What is expected of the Directors in an Insolvent Company liquidation process?

In recent articles we have looked at the difference between a Compulsory Liquidation and a Voluntary Liquidation (usually called a Creditors’ Voluntary Liquidation – CVL) –  and also what the advantages are of a CVL over a Compulsory Liquidation . In this article we look at what directors are required to contribute to the liquidation process.‍

What are Directors required to do in a Liquidation Process?

In a liquidation, a director’s duty is to act in the company’s creditors’ best interests, not that of its shareholders or directors. Trading must stop immediately, and they must assist the chosen liquidator and give them any pertinent information in relation to the Company’s affairs, assist as required in realising the company’s assets, and provide additional assistance and specific knowledge when requested. Specifically:

  1. Duty to Cooperate with the Liquidator. The directors’ responsibility is to provide any information and assistance requested by the liquidator, so they carry out their role. This includes providing access to all the company’s book and records, accounting programmes and data, digital assets and to attend meetings as required.
  2. Duty to Act in the Best Interest of Creditors. This duty is required before and after liquidation and includes not putting one creditor in a better position than another, not to worsen their exposure once the company becomes insolvent and to try to minimise any losses.
  3. Duty to Cease Trading. The directors of a company must stop trading if the company is insolvent and continuing to make losses and incurring additional liabilities. Under the guidance of an Insolvency Practitioner, they might be allowed to complete sales orders, contracts or projects if it does not increase losses further and enhances realisations for the creditors.
  4. Duty to Preserve Assets. The company’s assets must be protected by the directors for the benefit of all creditors once the decision to liquidate has been taken and until the appointment of a liquidator. This includes protecting the company’s tangible assets, such as machinery, property and stock, as well as collecting debts.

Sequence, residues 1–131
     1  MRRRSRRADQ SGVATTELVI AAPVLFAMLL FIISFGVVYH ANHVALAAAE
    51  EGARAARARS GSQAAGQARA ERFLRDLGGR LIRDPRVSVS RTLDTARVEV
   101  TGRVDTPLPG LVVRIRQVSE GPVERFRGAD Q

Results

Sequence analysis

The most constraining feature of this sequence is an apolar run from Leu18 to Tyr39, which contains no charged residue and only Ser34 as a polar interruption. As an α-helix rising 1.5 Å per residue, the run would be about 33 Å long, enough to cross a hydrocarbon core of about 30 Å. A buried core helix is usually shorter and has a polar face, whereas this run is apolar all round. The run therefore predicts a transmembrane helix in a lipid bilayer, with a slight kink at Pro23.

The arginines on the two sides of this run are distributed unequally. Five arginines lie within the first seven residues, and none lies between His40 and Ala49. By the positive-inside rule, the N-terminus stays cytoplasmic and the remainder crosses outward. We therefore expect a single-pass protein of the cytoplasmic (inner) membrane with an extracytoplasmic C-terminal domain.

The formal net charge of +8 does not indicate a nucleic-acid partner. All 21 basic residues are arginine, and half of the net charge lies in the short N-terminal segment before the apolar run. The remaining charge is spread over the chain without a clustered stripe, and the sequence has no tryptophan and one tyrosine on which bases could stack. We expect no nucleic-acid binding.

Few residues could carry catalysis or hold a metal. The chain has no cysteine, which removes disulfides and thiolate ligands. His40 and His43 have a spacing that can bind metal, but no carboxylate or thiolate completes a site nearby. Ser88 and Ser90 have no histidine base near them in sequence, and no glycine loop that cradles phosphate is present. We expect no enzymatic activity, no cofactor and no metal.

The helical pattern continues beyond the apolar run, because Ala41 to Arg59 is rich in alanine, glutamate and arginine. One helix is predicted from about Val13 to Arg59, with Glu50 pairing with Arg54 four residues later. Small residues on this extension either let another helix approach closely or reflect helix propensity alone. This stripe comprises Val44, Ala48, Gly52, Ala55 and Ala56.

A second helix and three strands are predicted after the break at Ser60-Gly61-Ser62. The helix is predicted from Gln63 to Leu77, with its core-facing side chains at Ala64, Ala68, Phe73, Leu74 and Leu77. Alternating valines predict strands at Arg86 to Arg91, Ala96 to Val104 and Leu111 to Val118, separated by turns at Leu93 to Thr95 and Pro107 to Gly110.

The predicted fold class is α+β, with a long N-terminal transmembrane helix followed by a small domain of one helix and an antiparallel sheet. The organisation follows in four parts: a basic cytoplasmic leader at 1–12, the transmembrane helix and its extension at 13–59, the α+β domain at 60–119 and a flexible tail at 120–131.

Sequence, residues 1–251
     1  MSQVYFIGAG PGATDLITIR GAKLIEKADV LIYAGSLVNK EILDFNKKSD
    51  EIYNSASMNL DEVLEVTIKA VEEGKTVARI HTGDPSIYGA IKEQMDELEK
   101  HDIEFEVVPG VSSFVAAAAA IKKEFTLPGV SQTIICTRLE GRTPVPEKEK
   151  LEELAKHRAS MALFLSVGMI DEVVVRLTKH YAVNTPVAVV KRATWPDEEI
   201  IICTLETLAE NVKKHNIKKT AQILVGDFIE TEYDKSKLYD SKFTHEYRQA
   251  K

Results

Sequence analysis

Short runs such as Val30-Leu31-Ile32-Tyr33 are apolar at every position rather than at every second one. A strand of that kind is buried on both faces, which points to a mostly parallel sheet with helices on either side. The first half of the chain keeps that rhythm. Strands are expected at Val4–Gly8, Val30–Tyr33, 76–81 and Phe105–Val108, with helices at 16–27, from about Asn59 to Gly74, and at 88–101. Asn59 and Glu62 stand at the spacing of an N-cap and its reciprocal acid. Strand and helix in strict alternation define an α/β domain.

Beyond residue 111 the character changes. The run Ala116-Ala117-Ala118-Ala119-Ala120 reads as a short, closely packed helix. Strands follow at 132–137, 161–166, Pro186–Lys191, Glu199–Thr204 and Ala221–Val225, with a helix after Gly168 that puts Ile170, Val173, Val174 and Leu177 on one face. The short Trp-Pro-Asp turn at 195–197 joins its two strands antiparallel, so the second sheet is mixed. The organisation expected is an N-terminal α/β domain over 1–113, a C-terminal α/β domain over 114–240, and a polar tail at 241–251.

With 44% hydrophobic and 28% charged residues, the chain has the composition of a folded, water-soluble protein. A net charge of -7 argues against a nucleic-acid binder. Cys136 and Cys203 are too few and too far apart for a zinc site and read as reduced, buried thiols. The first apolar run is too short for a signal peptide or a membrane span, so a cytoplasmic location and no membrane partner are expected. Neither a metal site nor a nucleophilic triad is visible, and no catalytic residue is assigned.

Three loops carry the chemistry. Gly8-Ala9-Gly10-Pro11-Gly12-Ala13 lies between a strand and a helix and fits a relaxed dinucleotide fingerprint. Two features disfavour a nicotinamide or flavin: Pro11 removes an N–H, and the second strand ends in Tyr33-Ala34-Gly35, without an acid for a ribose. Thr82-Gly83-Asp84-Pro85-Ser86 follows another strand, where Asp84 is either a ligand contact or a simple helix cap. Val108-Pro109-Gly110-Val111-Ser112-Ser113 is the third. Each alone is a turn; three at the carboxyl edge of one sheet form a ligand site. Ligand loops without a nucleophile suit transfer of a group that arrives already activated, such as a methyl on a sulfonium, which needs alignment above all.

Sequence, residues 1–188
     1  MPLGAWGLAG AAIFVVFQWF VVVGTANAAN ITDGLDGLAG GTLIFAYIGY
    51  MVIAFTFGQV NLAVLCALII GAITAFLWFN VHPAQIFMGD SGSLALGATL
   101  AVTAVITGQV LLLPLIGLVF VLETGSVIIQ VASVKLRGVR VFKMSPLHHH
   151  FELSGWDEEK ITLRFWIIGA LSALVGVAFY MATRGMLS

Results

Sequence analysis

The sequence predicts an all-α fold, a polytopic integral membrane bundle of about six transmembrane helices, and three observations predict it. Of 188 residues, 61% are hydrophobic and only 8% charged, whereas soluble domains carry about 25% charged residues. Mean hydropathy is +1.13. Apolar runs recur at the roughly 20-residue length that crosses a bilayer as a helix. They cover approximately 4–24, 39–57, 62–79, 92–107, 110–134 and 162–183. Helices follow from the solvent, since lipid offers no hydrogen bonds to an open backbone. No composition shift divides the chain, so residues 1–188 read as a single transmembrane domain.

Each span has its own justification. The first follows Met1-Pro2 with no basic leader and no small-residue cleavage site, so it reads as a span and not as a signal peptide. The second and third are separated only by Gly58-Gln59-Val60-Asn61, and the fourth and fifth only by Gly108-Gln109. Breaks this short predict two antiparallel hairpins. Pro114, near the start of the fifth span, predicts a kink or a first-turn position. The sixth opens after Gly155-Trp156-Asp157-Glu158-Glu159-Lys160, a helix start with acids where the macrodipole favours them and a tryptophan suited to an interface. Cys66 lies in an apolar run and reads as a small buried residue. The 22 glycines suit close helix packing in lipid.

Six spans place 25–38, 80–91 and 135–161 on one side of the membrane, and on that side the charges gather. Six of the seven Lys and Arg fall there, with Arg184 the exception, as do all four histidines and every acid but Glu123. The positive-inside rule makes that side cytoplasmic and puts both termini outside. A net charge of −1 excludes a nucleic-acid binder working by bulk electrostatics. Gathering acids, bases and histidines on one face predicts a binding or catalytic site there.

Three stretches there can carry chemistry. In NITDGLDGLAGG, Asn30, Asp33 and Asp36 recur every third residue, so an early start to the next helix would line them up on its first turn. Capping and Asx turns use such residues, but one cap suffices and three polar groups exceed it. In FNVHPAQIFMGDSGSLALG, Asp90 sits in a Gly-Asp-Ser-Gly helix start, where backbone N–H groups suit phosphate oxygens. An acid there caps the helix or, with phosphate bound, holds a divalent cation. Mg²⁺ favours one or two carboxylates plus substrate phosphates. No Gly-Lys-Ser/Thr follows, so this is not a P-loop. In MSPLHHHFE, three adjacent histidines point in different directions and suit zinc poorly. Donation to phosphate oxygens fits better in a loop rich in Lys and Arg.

5. Duty to Submit Report. The directors, assisted by the nominated liquidator, must prepare a report and statement of affairs, to be placed before the creditors at a meeting, which sets out the company’s history, trading information and current financial position, as well as detailing any transactions undertaken that were not in the normal course of business in the preceding 12 months. Directors may have to answer direct questions from creditors about matters that are or are not in the report at a physical or virtual creditors meeting.
  6. Duty to Attend Meetings. Directors need to be present at all meetings of creditors and any such other meetings as the liquidator may request. Directors will be required to present information on the company’s affairs and respond to inquiries at these meetings. If the directors do not comply with these requirements, they can be compelled by court order or examined under oath in court.
  7. Duty to Notify Interested Parties. With assistance of the nominated liquidator, the directors will be required to notify shareholders, employees, creditors, and any appropriate regulatory authorities of the company’s insolvency. This will include publishing statutory notices in the London Gazette, consulting with employees and their representatives as appropriate and other stakeholders.

In addition, the liquidator will require directors to complete a questionnaire which will form the basis of information that will need to be provided to the Insolvency Service under the provisions of the Company Director Disqualification Act, 1986. They then undertake further considerations and investigations to help them decide whether the director is fit to continue to be a director or whether a director disqualification investigation is appropriate.‍

The end of the Liquidation Process

After all the assets have been identified, the distribution process begins, and the creditors are paid as far as possible according to the order of priority outlined in this article.

At this stage, the Liquidation is complete and the Company’s name is removed from Companies House Register and formally dissolved.

The prospect of Liquidation can be daunting and very challenging. As ever, the earlier we are contacted, the more we can do to help. So, if your company is experiencing some or all of these warning signs, get in touch:

If you are concerned about the financial position of your company and are facing insolvency, please contact us or contact one of our offices:

Also, K&W Recovery, trading as Antony Batty and Company, Thames Valley:

Our Insolvency Practitioners will take you through your options step by step and will advise you of the best one to take under the prevailing circumstances.